- Nigeria depends largely on imports from China for goods
- Weak power, transport infrastructures hampering industries
After three decades of operating Safiyanu Baba’s leather business in northern Nigeria’s largest city is on the verge of closing down.
Baba’s factory, plying the more than 1,000-year-old leather trade in the ancient city of Kano, is struggling as others fold amid a slowing economy, limited credit, central bank import restrictions, a lack of reliable electricity and the strain of cheaper imports from China. Now only a handful of tanneries are running, from more than 40 in the 1980s, according to Nigeria’s Tannery Council.
“A lot of the factories are not producing to the fullest capacity, others have closed operations and laid off workers,” Baba said in an interview at his Kano Multi Tan Ltd. office. “Some, like mine, are on the verge of closing down. Our competitors in other parts of the world don’t have the problems that we are face like that of water supply, roads and electricity.”
Leather makers are but one example of industrial malaise in Africa’s biggest crude producer and large-scale manufacturing has suffered decades of neglect after the discovery of oil in the 1950s. President Muhammadu Buhari, who came to power four months ago, plans to revive Nigerian industry in a bid to create jobs, instructing his ministries to come up with policies before setting out next year’s budget.
A halving of crude prices in the past year has slowed annual economic growth to 2.4 percent in the second quarter, while manufacturing, which has barely risen above a 10th of gross domestic product since independence in 1960, contracted by 3.8 percent, after a 14 percent expansion a year earlier. Nigeria relies on the commodity for two-thirds of government revenue.
The fall in oil prices put pressure on the nation’s currency. After a devaluation in November, followed by its plunge to a record low in February, the central bank stabilized the naira by imposing trading restrictions and banning importers from using the foreign-exchange market for about 40 items.
The edicts have made it difficult for manufacturers to import raw materials and obtain dollars needed to operate, according to Frank Udemba Jacobs, president of the Manufacturers Association of Nigeria, which represents more than 2500 companies.
“It will help create employment and will help eventually to boost industries,” Central Bank of Nigeria Governor Godwin Emefiele told reporters in Abuja, the capital, on Tuesday. “We have began to see people, who before now had closed their factories as a result of the competitiveness of their products compared to the price of imported items, now opening shop and employing more people.”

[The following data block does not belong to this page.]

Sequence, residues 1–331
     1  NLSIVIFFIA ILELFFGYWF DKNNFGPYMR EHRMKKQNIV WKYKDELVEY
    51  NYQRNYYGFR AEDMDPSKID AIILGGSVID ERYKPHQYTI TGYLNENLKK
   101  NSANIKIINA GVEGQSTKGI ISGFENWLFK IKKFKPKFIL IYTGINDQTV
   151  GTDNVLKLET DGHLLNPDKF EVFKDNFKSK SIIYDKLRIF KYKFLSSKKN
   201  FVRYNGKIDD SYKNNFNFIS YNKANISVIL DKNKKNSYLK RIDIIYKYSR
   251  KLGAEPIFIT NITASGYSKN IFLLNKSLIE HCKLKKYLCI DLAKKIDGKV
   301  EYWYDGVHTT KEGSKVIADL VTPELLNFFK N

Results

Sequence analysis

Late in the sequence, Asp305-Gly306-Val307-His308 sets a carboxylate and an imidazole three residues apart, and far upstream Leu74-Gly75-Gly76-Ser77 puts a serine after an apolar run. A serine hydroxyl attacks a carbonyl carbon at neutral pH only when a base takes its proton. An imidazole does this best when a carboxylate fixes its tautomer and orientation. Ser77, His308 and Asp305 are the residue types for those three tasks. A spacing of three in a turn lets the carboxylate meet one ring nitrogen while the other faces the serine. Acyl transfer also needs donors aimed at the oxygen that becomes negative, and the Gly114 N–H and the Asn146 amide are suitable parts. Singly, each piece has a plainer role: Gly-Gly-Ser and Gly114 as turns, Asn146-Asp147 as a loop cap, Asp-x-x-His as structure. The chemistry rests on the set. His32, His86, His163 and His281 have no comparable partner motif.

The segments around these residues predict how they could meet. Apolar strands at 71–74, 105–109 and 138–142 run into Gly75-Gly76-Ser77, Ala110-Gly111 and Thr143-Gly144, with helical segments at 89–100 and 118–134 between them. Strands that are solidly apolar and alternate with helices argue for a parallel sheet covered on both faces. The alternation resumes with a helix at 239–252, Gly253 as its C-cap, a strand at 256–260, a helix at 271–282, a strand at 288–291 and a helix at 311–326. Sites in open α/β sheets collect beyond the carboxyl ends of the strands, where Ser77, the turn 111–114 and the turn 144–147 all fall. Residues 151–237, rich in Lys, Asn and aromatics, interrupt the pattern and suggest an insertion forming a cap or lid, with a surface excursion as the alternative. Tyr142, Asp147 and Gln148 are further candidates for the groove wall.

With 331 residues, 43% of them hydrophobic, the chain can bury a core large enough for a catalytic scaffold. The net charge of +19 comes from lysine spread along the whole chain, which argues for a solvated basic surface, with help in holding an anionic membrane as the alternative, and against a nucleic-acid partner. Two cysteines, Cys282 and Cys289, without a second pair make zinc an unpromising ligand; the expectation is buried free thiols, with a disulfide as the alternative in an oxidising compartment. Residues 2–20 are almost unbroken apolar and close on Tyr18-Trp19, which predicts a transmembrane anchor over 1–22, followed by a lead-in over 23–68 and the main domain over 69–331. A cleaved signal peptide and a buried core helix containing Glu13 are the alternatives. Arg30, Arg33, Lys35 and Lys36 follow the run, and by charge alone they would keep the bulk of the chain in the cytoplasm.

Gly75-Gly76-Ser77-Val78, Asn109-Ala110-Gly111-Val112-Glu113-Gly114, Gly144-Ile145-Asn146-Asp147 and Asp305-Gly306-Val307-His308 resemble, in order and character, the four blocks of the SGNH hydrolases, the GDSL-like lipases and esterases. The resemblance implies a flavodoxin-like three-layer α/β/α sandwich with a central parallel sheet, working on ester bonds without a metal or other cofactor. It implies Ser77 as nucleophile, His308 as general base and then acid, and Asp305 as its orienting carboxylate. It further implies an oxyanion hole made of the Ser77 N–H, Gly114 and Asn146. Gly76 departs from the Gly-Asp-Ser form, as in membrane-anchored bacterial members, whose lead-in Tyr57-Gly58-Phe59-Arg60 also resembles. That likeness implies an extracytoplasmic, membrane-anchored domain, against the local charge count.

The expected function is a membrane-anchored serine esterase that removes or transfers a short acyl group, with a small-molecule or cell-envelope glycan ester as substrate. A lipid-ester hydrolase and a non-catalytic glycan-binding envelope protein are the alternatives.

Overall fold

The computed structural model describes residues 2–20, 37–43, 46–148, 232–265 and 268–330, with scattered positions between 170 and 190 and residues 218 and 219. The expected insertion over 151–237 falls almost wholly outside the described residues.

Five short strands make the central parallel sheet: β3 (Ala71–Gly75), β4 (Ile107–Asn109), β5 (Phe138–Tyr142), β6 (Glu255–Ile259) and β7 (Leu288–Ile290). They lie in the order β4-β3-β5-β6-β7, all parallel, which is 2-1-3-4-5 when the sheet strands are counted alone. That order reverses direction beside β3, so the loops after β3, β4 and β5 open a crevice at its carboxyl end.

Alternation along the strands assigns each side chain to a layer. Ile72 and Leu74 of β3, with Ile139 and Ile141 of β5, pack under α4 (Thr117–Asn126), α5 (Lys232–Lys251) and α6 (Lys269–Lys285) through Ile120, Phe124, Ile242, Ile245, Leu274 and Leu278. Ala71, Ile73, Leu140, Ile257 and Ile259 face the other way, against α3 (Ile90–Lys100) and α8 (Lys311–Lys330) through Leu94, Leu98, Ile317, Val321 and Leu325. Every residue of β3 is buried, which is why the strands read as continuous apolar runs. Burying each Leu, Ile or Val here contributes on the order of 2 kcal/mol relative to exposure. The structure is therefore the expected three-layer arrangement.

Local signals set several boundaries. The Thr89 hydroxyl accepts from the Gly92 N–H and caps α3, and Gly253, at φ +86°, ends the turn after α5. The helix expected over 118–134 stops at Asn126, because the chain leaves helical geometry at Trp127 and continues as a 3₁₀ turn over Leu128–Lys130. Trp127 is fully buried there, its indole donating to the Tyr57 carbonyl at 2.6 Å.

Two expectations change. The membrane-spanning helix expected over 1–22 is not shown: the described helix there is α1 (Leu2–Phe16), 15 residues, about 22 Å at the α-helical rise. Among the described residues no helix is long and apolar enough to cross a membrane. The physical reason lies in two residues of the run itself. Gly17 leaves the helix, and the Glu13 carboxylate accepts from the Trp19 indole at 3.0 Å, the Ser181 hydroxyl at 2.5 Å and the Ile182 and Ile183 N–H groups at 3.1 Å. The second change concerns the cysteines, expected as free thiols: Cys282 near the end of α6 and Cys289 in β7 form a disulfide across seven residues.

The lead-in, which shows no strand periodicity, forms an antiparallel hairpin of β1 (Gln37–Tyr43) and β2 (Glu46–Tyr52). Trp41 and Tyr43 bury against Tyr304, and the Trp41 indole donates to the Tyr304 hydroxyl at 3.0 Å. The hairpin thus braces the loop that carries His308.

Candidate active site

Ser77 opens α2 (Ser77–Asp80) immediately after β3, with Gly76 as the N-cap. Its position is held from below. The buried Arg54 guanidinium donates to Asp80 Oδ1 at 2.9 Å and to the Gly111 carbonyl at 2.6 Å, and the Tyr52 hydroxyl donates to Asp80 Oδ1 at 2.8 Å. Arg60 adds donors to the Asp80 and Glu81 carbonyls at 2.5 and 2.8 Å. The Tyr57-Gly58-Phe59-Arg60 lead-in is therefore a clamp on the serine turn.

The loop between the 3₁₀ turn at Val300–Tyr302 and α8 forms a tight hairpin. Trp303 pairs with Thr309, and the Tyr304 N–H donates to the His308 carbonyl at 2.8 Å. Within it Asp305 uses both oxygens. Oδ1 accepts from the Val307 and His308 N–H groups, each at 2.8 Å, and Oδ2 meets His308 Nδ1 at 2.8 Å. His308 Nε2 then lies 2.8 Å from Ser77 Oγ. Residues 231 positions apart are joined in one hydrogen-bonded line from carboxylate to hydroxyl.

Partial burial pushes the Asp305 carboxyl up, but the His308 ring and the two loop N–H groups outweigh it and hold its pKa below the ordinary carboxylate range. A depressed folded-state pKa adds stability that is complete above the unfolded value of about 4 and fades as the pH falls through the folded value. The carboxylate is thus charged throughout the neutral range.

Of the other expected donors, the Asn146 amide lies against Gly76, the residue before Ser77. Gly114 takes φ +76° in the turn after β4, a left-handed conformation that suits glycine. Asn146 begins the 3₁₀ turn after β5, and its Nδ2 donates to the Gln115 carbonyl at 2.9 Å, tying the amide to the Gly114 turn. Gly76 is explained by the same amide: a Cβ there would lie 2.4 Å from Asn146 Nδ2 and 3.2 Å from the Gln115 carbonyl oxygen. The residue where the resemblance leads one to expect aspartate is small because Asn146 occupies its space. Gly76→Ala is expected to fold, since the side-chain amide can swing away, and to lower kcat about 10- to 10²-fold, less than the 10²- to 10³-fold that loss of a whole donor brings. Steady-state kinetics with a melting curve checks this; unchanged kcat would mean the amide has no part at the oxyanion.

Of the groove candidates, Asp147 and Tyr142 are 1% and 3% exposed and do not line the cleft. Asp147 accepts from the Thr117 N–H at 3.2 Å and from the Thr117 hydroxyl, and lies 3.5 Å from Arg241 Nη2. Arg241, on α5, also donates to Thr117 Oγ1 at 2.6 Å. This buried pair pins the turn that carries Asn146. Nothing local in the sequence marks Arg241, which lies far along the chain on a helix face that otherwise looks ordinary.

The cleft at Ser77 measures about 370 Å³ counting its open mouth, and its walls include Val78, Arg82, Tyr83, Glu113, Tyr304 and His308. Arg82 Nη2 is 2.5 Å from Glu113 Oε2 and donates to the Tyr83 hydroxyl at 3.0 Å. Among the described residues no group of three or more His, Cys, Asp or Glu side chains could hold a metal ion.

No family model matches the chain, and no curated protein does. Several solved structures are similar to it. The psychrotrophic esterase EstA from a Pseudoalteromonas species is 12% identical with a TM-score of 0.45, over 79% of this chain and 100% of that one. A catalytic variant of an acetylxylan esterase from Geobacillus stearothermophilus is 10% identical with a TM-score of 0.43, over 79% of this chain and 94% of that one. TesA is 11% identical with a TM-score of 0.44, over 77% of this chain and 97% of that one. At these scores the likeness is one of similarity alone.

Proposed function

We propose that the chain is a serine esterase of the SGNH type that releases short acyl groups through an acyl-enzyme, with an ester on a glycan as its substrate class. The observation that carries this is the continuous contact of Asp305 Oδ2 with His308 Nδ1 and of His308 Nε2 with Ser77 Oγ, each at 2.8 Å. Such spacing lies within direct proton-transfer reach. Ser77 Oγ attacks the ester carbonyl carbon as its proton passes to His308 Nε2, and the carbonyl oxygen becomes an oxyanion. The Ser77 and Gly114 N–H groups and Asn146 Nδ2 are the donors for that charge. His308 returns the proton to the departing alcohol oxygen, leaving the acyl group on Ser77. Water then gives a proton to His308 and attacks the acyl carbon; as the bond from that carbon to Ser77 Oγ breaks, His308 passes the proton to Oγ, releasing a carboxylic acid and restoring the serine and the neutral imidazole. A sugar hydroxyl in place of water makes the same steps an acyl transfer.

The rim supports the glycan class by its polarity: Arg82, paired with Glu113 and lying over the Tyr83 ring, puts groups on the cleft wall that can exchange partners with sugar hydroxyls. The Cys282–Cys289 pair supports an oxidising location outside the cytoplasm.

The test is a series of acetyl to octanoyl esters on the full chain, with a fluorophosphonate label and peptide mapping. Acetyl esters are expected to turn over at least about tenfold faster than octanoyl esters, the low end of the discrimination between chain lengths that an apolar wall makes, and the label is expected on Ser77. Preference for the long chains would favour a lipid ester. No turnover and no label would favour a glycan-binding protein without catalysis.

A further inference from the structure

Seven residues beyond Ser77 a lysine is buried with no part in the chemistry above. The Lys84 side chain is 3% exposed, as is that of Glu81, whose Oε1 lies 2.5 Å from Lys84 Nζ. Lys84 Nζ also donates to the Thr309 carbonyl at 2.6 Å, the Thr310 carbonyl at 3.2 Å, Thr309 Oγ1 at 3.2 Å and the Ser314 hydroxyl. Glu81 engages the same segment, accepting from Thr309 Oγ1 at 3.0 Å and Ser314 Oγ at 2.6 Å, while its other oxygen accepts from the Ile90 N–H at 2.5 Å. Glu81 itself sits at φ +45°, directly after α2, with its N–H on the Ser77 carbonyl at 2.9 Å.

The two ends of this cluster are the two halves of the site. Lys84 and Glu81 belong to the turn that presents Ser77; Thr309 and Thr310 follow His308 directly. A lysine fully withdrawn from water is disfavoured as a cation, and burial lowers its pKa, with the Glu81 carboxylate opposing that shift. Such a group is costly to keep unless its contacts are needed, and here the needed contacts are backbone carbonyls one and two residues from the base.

The naira was little changed after the central bank kept its key interest rate at a record high 13 percent, trading at 199.05 per dollar at 3:21 p.m. in Lagos, Nigeria’s commercial hub.
The scenario for local industry has some historic resonance. Government plans in the late 1970s to help manufacturers fund imports collapsed after oil prices dropped a few years later. The program was halted as the government struggled to meet the dollar demand needed to back the plan following a naira devaluation.
Along with economic factors, daily blackouts, due to a lack of reliable grid power, and the lack of a modern transport network have curbed Nigeria’s manufacturing potential, with Africa’s most populous nation losing at least 2 percent of growth annually due to its infrastructure deficit, according to the Finance Ministry.
“Power is the biggest problem for Nigeria,” said Yvonne Mhango, a Johannesburg-based economist at Renaissance Capital. “You have the few existing manufacturers having to basically build their own power plants in order to produce. That’s an enormous additional cost, that at the end of the day is passed down to consumers.”
Years of neglect of railways while Nigeria was in political flux during military rule, which ended 16-years ago, cut freight-rail capacity to 15,000 tons a year in 2005 from 3 million tons four decades earlier, according to the Transport Ministry. Most cargo is transported on worn-out and congested roads.
“Giving priority to manufacturing without first fixing rail transport is rather misguided,” said Ayo Teriba, head of Lagos-based consultancy Economics Associates. “High transport and energy costs will make most manufacturing projects uncompetitive, unprofitable and unsustainable.”
With poor infrastructure pushing up production costs and prices, Nigerian goods are unable to compete with cheaper imports from China. While trade between the two countries has shot up to $19.6 billion at the end of 2014 from $500 million in 2000, according to data compiled by Bloomberg, three-quarters of it consists of imports to Nigeria.
“Trade with China has increased across Africa and you find that it has generally undermined our infant manufacturing industries,” RenCap’s Mhango said. “The competition is making it a lot more difficult and manufacturing has been hit harder over the past 15 years.”
Despite the daunting challenges, Baba hopes Buhari’s government will deliver on campaign promises to create jobs by revamping manufacturing, fixing the economy and consequently boosting the leather industry.
“We need the government to give us incentives and make clear decisions on policy,” he said.